How to Strap a Kayak to a SoftTop Jeep for Transport
My dream of owning a Jeep Wrangler came true a few years ago. In my opinion, there is only one slight drawback to driving a Wrangler and that is the limited space for hauling passengers and items. Otherwise, I have not a single complaint about my Jeep. There is no other mode of transportation that suits me better.
When I suddenly purchased a kayak, I didn't think about the possible difficulties of hauling it with my soft top Jeep. Especially given that I'm a mature woman, with little arm strength, who stands 5' 4" tall.
We hauled the kayak home from the sporting goods store in the truck and only then (with it sticking over the tailgate of the truck) did I realize that I'd have to do some work to figure out how to haul it with the Jeep. And I'd have to find a way that I could do it alone. The Mister and the truck work long hours and won't always be available when I want to go kayaking. How in the world was I going to be able to put my 10' long kayak in, or on, the Jeep alone?
Are you a Jeep Wrangler owner? Do you want a kayak but haven't a clue how you would haul it because you have a soft-top Wrangler and most racks are made for hard tops? Don't worry. I have the solution for under $50. It wasn't nearly as difficult as I had expected.
I have decided that the only items I really needed were the ratchet straps and the foam padding. I also purchased a ring and paracord so that I could make a "leash" in order to help pull the kayak forward if I needed. Thus far, I have not used the leash at all for loading and unloading the kayak but it has come in handy for keeping the kayak from floating off while I'm getting in and out of it in the water.
After reading many online forums about hauling kayaks with Jeeps, I purchased my items from a local DIY store. I had initially planned on putting my kayak inside the Jeep and allowing it to hang over the top of the spare tire. But I was worried about breaking my brake light. With the items I purchased for a total $30.17, I am glad that I haul my Kayak on top.
I worry quite a bit about damaging my soft top. I cannot afford to replace it. I load and unload my kayak carefully in order to try to protect the top, paint, and windows (both glass and removable). I currently use only two straps to haul the kayak to a local area. If I were going to travel via the beltway or interstate highways, I would add a strap to the front of the kayak and attach it to my bumper as an extra precaution at the highway speeds. Thus far, at 50 mph, I have not had any shifting of the load or changes to my soft top.
You will have to decide for yourself whether or not you are comfortable with this way of hauling your kayak.
- 12' Ratchet Straps with rubberized handles and Coated Hooks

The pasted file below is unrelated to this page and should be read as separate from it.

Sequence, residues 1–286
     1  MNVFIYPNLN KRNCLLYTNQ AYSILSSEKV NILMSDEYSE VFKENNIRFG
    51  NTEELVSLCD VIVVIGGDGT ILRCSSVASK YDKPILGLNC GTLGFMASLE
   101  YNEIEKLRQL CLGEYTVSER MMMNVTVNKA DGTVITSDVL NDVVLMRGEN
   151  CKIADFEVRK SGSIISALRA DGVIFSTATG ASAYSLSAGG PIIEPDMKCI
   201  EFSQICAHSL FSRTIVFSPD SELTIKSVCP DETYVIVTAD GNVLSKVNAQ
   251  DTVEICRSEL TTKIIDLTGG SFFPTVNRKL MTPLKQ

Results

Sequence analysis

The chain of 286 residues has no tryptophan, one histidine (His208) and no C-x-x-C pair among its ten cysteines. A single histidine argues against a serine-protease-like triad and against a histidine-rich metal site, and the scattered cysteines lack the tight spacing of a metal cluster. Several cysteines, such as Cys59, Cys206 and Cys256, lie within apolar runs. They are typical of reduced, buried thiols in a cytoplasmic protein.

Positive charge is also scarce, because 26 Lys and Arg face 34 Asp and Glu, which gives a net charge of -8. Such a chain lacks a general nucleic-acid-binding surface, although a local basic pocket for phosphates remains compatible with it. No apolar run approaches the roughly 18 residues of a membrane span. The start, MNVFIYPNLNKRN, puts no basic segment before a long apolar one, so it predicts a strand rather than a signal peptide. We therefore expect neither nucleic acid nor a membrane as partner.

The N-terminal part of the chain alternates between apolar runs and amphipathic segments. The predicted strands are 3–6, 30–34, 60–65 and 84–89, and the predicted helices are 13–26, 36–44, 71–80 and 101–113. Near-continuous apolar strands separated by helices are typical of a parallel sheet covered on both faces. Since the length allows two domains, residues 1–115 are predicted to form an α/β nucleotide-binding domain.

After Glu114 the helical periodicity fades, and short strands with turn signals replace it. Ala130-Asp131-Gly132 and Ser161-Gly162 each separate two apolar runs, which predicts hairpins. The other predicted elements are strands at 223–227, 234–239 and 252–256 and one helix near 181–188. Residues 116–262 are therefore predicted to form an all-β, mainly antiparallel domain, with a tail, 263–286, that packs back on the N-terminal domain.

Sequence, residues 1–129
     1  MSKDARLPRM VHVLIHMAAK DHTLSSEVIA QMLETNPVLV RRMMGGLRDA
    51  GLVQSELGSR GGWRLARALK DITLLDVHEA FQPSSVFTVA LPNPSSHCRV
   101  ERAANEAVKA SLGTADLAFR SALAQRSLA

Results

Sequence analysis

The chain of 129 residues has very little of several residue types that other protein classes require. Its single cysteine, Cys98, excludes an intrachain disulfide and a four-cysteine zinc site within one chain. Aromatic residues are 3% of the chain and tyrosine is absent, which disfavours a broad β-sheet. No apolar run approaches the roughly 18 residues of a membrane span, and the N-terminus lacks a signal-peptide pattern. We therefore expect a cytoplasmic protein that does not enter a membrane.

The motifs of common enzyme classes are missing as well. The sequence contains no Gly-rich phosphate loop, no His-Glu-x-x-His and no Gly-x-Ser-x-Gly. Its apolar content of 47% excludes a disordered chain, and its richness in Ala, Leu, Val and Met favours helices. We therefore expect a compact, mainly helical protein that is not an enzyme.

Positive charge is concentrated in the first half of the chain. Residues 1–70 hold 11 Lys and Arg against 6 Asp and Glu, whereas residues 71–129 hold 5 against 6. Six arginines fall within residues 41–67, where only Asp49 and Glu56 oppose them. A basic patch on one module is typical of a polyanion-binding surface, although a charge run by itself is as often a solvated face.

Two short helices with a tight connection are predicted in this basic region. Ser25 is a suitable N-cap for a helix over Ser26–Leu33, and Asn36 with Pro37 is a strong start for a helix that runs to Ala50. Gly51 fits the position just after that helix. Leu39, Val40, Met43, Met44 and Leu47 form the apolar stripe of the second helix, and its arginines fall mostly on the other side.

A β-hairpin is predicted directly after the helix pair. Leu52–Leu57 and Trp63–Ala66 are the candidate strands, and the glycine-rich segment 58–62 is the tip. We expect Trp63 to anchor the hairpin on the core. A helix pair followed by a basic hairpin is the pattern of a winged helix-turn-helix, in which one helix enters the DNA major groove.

- Multipurpose 2' x 2' foam cushion
- paracord (optional)
- coated spring hook with eyelet (optional)
- 1 pair of sharp, heavy-duty sewing shears
1. I was too impatient to order a kayak foam block and wait for it to arrive. So I purchased a 2' x 2' x 2" piece of "multipurpose" foam at the local DIY store. I cut it in half with a pair of old-fashioned, heavy-duty sewing shears. I may still order that kayak foam block because I like the shape, but this foam is doing a great job in the interim.
2. I purchased these ratchet straps from a local DIY store. They are the store brand. There are also very similar straps available on Amazon. The HDX brand has a break capacity of 1320 lbs. and a working load of 440 lbs. The straps are both strong enough and thin enough to do what I needed.
3. I place a piece of foam cushion at the rear soft-top roof support bar. I place another piece of foam on the front, on top of the windshield brace. I allow them to hang over the front and back edges just a bit.
4. You can either remove your side, rear window panels or unzip around the back and several inches across the top of the window. I choose to completely remove my windows and leave them at home but I read on the forums that some folks just unzip.
5. From the rear, slide the kayak onto the rear foam. Take care not to slide your kayak across the soft top itself. Slide the kayak forward until the front edge of the Kayak is past the windshield, centered on the front piece of foam.I made a paracord "leash" to help me pull the kayak forward. But I have not yet needed it. I have been able to slide the kayak from the back and then make adjustments by standing on one of the front door jams. I do not slide the kayak directly on the soft top.
6. Using one ratchet strap, strap the rear end of the kayak down. Ratchet until snug. There is no need to really crank on that strap. The strap fits perfectly in the inside curve of the roll bar.My kayak has a curve just between the seat and the water-proof well. I place the strap between those two curves in order to help hold it in place.
7. Using the other ratchet strap, and with front doors of the jeep open. I ratchet around the kayak, with the strap resting just past the sun visors. The doors will easily shut on the straps. Again, no need to crank those straps too tightly. Snug holds the kayak in place and doesn't risk bending either my top or the kayak.
8. With the thin straps that I purchased, the doors of the Jeep open and close no differently than they usually do.
9. Please note, I made sure to buy ratchets with rubberized handles and coated hooks in order to try to reduce accidental scratching of my paint. I also make sure to leave the strap handle in the space between the kayak and the Jeep top.
10. How it appears going down the road. This was my first trip and the Mister followed in the truck to keep an eye on things. It went perfectly.